April 19, 2012 | Vol.42 No. 16

'Priority list' sought for Chilkoot

Residents got a look at the first round of the state’s thinking about improvements along the Chilkoot River corridor at a meeting Tuesday with officials from several agencies involved in planning.

State archaeologist, biologists, landscapers, planners and state Division of Parks employees hosted the meeting, attended also by Ben Ellis, the division’s director. State Rep. Bill Thomas, R-Haines, who secured $900,000 last year for construction of a bear-viewing platform there, made opening remarks.

Thomas said the idea for the platform came from the late Norm Blank of Haines, a longtime conservationist. Residents are being asked to weigh in on platform design and Tuesday’s meeting included a variety of designs used at other places.

The structure is intended to reduce risks on a short section of road where more than a dozen bears mix each fall with anglers, campers, photographers and others. The platform is intended to concentrate bear-watchers, leaving open corridors for bears to move around. Platform funding must be spent in four years.

Other improvements along the corridor haven’t been decided, but state officials this week said issues go beyond the need for a bear-viewing station. The meeting laid out potential short-term and long-term “strategies.”

“These are strategies that could be pursued. Our intent is to explore them and see what works and what doesn’t. It’s a work in progress. This is what we’ve come up with for now,” said Monica Alvarez, a planner with the state Department of Natural Resources.

Improving management of people at the site is the first priority, she said.

Short-term strategies included: locating the platform upstream of Deer Rock; increasing vehicle parking and tour bus unloading; instituting “no parking” zones at the fish weir and viewing platform; restricting areas of streambank access near the platform; building new restrooms; moving fish-cleaning tables into deeper water; placing barriers to prohibit shoulder parking and improving bear-monitoring practices.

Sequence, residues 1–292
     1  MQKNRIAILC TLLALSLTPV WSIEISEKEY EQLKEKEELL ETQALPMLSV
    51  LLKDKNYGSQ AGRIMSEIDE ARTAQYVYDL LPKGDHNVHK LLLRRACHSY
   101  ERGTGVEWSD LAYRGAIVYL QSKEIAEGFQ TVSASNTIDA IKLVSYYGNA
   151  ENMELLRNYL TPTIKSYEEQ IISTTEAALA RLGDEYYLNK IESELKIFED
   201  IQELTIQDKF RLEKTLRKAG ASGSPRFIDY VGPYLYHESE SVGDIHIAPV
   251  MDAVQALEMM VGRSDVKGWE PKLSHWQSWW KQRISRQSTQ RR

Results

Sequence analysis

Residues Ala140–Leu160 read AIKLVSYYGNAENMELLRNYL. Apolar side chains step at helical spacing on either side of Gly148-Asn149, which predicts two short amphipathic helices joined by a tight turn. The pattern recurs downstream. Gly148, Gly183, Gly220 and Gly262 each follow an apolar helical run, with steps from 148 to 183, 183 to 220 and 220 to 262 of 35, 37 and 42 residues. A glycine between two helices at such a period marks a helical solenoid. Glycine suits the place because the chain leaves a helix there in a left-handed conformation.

Long-term strategies included: building additional viewing platforms at Lutak bridge or Chilkoot Lake; conducting a comprehensive cultural resource study; prohibiting parking along the roadway; adding more staff for enforcement and safety; landscaping to encourage bears to use specific routes; and adaptive “no parking” zones that would change with changes in bear activities.

Strategies lists will be posted around town and on the Internet, planners said.

“Seeing how the public reacts to our priority list will give us a better idea of what to include in a (final) list,” said Mike Eberhardt, Southeast parks superintendent. “The biggest thing is having agreement on a list of things to do (on which to base future funding requests,” he said.

As only platform construction is funded, other projects would require additional funding or creative partnerships between agencies, he said.

Platform design, starting an inventory of cultural resources and initial environmental work are planned for the coming summer.

State officials said consideration of archaeological remains could determine locations of expanded parking and other improvements. The riverside area is the location of a historic Chilkoot Indian village and fish camp and is one of the valley’s richest archaeological sites, state archaeologist Dave McMahan said in an interview.

House sites and graveyards line the road’s west side and structures once stood in the area of the campground parking lot, and on the lakeshore opposite the parking lot, on the east side of the river.

Tour operator Joe Ordonez said there are so many considerations, the state should look first at options that would have the least impact, including adding a pedestrian walkway parallel to the Lutak bridge.

“The structure’s already there. At first glance, that’s my first alternative. It would cost less and minimize impacts. I’d like to see that idea explored in the short term (strategies),” Ordonez said. “That’s maybe a good starting point but it doesn’t address long-term issues like congestion. It’s a tough, complex issue. There’s no way to do anything out there without making some people mad.”